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How did maps of the distant reaches of the world communicate to the public in an era when exploration of those territories was still ongoing and knowledge about them remained incomplete? And why did Renaissance rulers frequently commission large-scale painted maps of those territories when they knew that they would soon be proven obsolete by newer, more accurate information? The Mapping of Power in Renaissance Italy addresses these questions by bridging the disciplines of art history and the histories of science, cartography, and geography to closely examine surviving Italian painted maps that were commissioned during a period better known for its printed maps and atlases. Challenging the belief that maps are strictly neutral or technical markers of geographic progress, this well-illustrated study investigates the symbolic and propagandistic dimensions of these painted maps as products of the competitive and ambitious European court culture that produced them.Read more
- The most comprehensive and detailed account in print of the relationship between art and cartography in Renaissance Europe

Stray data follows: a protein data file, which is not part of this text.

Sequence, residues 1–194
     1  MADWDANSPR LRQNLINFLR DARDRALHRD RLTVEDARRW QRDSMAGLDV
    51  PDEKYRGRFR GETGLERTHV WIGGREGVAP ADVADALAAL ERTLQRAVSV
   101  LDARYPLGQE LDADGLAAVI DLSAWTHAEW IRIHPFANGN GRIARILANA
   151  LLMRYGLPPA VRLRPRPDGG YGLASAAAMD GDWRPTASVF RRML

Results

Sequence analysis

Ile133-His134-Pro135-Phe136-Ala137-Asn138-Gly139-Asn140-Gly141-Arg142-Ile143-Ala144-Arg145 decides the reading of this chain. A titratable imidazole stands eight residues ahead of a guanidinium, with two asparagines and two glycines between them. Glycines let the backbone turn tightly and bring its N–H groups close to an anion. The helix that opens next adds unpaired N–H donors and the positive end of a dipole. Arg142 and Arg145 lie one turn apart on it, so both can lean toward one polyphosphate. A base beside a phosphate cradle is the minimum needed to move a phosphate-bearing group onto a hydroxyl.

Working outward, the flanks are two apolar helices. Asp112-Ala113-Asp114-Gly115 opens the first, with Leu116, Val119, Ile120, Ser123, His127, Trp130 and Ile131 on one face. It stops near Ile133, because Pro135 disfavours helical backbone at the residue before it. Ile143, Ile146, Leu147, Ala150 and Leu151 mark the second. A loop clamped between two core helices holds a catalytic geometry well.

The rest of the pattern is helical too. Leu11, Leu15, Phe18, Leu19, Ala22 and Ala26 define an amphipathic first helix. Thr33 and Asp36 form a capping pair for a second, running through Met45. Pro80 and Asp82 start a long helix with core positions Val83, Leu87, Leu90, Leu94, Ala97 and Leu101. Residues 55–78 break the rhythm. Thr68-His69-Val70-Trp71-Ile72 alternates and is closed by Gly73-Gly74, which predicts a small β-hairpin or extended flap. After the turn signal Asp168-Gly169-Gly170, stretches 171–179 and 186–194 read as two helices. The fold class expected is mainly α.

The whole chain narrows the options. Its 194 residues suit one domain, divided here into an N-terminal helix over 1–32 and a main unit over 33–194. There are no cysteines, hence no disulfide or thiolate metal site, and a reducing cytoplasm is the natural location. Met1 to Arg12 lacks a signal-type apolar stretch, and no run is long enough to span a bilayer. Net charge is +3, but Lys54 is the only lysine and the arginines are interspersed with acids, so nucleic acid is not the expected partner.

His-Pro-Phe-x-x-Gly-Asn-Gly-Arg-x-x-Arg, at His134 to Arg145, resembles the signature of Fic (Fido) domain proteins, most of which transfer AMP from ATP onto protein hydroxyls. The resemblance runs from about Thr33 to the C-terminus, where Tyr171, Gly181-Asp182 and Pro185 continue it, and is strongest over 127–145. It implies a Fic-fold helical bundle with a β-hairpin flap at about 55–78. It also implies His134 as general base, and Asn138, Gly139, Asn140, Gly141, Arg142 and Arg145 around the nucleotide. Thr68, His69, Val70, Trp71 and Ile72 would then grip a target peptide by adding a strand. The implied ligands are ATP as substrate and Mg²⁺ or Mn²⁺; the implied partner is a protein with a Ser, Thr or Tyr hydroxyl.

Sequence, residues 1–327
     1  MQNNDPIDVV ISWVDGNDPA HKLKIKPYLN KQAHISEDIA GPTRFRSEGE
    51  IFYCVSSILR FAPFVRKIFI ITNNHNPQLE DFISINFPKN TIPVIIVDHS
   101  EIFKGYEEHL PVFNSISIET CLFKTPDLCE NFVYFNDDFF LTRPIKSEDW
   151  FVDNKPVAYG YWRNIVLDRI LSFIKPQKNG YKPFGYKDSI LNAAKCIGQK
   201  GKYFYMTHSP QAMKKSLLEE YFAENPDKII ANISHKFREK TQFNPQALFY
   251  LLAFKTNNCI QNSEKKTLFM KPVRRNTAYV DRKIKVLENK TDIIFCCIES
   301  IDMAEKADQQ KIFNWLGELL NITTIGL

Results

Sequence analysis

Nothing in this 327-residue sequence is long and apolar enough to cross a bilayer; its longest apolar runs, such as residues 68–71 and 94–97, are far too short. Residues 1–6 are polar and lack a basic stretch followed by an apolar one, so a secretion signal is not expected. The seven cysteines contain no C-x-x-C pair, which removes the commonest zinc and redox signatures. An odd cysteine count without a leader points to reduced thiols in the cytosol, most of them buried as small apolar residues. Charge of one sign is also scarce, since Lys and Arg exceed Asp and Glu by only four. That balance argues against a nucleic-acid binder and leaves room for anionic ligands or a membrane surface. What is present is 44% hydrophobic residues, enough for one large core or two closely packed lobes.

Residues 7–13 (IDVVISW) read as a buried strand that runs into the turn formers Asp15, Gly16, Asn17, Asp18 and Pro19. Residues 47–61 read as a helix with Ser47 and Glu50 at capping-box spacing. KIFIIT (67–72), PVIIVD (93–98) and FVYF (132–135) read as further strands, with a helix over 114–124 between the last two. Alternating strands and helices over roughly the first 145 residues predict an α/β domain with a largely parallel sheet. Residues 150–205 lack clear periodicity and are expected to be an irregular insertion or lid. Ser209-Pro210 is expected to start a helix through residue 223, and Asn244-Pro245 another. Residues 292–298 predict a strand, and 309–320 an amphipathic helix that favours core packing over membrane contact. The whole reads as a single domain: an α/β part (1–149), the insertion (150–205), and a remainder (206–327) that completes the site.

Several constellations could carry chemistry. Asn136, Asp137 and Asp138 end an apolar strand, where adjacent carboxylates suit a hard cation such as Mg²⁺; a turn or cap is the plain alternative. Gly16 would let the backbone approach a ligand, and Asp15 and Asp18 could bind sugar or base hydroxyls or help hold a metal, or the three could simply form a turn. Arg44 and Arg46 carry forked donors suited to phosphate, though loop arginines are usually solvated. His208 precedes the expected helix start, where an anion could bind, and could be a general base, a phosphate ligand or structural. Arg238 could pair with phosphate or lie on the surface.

- Redefines the field of Renaissance art as one that encompasses maps, charts, technical treatises and other tools usually considered primarily by historians of science
- Appeals to those interested in the Age of Exploration since it is richly illustrated with maps made while those journeys were still in progress
- Winner of the 2014 Founders Prize, Sixteenth Century Society and Conference
Reviews & endorsements
'Mark Rosen's The Mapping of Power in Renaissance Italy: Painted Cartographic Cycles in Social and Intellectual Context struck us as the most original, most thoughtfully grounded in theory, best researched, and most beautifully written of the manuscripts.' Sixteenth Century Society and Conference Prize Committee
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- Date Published: November 2014
- format: Hardback
- isbn: 9781107067035
- length: 318 pages
- dimensions: 261 x 187 x 18 mm
- weight: 0.81kg
- contains: 91 b/w illus. 8 colour illus.
- availability: Available
Table of Contents
1. A lost world: maps as decoration before the sixteenth century
2. Wonders unknown to the ancients: maps as decoration in the early to mid sixteenth century
3. The Medici Guardaroba and its role in the Florentine cosmos
4. 'All the things of heaven and earth together': the Guardaroba program
5. Manufacturing a universe: the Medici Guardaroba and its cosmographers
6. The maps of the Medici Guardaroba
7. The Guardaroba and the late cinquecento map-cycle competition
Appendix: the curriculum of Don Stefano Buonsignori.
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